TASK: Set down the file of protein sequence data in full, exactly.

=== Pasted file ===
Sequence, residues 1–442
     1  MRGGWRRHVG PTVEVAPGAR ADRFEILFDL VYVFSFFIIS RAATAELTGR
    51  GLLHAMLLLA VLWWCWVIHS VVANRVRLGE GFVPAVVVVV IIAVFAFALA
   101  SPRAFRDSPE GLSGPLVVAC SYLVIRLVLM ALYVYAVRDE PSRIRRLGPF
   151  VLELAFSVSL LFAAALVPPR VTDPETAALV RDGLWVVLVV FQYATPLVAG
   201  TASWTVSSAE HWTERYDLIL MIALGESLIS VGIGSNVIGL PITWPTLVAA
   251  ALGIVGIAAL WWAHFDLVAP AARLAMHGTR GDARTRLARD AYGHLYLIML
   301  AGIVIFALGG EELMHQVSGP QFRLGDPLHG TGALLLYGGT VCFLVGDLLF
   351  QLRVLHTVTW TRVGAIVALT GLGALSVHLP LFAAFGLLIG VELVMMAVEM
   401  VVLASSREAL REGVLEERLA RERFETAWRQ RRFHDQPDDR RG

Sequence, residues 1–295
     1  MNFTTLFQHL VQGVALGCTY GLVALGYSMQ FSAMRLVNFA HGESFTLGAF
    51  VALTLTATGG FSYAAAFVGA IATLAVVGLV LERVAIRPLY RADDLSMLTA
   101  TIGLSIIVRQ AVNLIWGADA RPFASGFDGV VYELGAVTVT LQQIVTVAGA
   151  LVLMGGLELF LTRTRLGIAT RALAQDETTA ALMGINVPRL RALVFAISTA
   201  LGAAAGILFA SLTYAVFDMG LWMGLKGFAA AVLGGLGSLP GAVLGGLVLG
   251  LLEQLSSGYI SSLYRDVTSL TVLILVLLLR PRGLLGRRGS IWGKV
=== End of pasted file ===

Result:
Sequence, residues 1–442
     1  MRGGWRRHVG PTVEVAPGAR ADRFEILFDL VYVFSFFIIS RAATAELTGR
    51  GLLHAMLLLA VLWWCWVIHS VVANRVRLGE GFVPAVVVVV IIAVFAFALA
   101  SPRAFRDSPE GLSGPLVVAC SYLVIRLVLM ALYVYAVRDE PSRIRRLGPF
   151  VLELAFSVSL LFAAALVPPR VTDPETAALV RDGLWVVLVV FQYATPLVAG
   201  TASWTVSSAE HWTERYDLIL MIALGESLIS VGIGSNVIGL PITWPTLVAA
   251  ALGIVGIAAL WWAHFDLVAP AARLAMHGTR GDARTRLARD AYGHLYLIML
   301  AGIVIFALGG EELMHQVSGP QFRLGDPLHG TGALLLYGGT VCFLVGDLLF
   351  QLRVLHTVTW TRVGAIVALT GLGALSVHLP LFAAFGLLIG VELVMMAVEM
   401  VVLASSREAL REGVLEERLA RERFETAWRQ RRFHDQPDDR RG

Sequence, residues 1–295
     1  MNFTTLFQHL VQGVALGCTY GLVALGYSMQ FSAMRLVNFA HGESFTLGAF
    51  VALTLTATGG FSYAAAFVGA IATLAVVGLV LERVAIRPLY RADDLSMLTA
   101  TIGLSIIVRQ AVNLIWGADA RPFASGFDGV VYELGAVTVT LQQIVTVAGA
   151  LVLMGGLELF LTRTRLGIAT RALAQDETTA ALMGINVPRL RALVFAISTA
   201  LGAAAGILFA SLTYAVFDMG LWMGLKGFAA AVLGGLGSLP GAVLGGLVLG
   251  LLEQLSSGYI SSLYRDVTSL TVLILVLLLR PRGLLGRRGS IWGKV